Is there a “right” way to measure entrepreneurship?
Updated: May 20, 2020
For many people, having your own business and having the ability to work your own hours is an appealing thought, whatever your age. No matter that you are likely to work longer and harder than in a conventional 9-5 job.
One of the facts that may put you off embarking on your entrepreneurial journey, is that most of the images of entrepreneurs are of younger people, most of whom are likely to be under 50. Yet 50-plus entrepreneurs are among the most successful, as we learnt in the previous blog, where it was found that in the US in 2018 a mean age of 45, among the 1,700 founders of the fastest-growing new ventures in the US, were the most successful.
So how should entrepreneurial success be measured? Should it be by revenue, profit, income and costs or, if the venture, is a social enterprise, by the ability to change society or societies?
Entrepreneurial enterprises are important for creating innovation within society, especially for a society that is knowledge based. Such innovation can make goods and services cheaper and entrepreneurs can also provide employment for others.
As the Global Entrepreneurship and Development Index (GEDI) states: “Enterprise is a crucial engine of economic growth. Without enterprise and entrepreneurs, there would be little innovation, little productivity growth, and few new jobs.”[i]
Hence, it is important to measure entrepreneurship. The GEDI methodology collects data on the entrepreneurial attitudes, abilities and aspirations of the local population and then weights these against the prevailing social and economic “infrastructure” – this includes aspects such as broadband connectivity and the transport links to external markets. This process creates 14 pillars which GEDI uses to measure the health of the regional ecosystem.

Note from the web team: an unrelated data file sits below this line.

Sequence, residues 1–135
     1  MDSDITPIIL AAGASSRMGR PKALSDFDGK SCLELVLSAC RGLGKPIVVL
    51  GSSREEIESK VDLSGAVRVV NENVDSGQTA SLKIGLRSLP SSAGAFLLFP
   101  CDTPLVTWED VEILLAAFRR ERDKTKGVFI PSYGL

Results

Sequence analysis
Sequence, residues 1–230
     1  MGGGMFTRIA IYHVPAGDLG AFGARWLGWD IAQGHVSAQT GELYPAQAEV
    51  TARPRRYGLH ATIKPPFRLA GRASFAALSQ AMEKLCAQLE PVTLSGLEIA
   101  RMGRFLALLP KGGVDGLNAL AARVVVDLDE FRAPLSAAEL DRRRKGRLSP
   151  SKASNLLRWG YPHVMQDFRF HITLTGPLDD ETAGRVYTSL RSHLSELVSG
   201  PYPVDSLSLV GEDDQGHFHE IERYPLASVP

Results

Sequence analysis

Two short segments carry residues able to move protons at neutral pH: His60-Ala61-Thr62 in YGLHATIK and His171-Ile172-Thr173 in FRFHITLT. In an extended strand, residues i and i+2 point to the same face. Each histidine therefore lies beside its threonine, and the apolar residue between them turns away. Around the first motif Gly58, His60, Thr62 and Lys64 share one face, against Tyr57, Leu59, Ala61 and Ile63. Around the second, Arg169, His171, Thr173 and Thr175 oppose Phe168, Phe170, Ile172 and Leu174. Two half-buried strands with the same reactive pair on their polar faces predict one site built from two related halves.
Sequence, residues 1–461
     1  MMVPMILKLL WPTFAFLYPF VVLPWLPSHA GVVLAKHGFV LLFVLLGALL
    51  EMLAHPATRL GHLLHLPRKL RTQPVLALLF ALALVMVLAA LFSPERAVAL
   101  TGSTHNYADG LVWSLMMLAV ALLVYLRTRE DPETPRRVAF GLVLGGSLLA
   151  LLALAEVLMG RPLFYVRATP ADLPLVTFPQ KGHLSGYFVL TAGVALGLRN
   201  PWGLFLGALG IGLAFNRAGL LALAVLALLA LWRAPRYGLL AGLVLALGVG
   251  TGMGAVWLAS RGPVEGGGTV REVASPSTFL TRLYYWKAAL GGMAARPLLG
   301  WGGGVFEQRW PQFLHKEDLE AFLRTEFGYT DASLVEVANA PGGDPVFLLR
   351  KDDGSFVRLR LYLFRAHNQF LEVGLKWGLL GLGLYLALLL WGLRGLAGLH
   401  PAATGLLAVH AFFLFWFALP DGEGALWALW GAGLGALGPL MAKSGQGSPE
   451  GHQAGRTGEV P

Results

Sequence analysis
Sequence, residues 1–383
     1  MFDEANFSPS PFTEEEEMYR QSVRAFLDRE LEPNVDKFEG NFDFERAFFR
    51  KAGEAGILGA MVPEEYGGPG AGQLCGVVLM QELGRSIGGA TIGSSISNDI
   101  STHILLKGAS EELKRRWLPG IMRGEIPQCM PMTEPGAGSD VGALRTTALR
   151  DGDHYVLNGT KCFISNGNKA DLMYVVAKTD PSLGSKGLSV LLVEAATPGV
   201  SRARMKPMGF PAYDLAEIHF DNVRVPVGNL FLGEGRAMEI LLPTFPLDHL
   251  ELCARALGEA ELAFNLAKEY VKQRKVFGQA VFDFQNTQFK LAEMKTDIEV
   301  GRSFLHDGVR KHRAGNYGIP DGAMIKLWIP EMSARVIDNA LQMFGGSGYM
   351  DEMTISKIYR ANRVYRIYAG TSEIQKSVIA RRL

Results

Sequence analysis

According to this ranking, the US is the number one place to be an entrepreneur, followed by Switzerland, Canada is number three and at number four is the United Kingdom.
The ease of doing business index paints a different picture. According to the World Bank rankings, in which 190 countries were compared, New Zealand was ranked number one, followed by, Singapore, Hong Kong, and Denmark. The United States was ranked number six while the United Kingdom was ranked number eight. This index measures, among other things, opening a business, finding a location, accessing finance, dealing with day to day operations, and operating in a secure business environment.
Worldwide, 115 economies made it easier to do business, according to the latest World Bank report. The report looks at regulation that makes doing business easier and makes a company more efficient. The economies with the most notable improvement in Doing Business2020 are Saudi Arabia, Jordan, Togo, Bahrain, Tajikistan, Pakistan, Kuwait, China, India, and Nigeria. Only two African economies rank in the top 50 on the ease of doing business; no Latin American economies rank in this group.
What the report notes is that economies that score highest on the ease of doing business share several common features, including the widespread use of electronic systems.
What we see from all this research is that different economies measure the success of entrepreneurs differently. What is considered successful in one country, may not always be deemed successful in another.
From looking at the research, I also learned that a number of initiatives are launched each year in different societies to encourage entrepreneurship.
Photo: by Carole Railton (copyright) Social enterprises measure change by their impact on society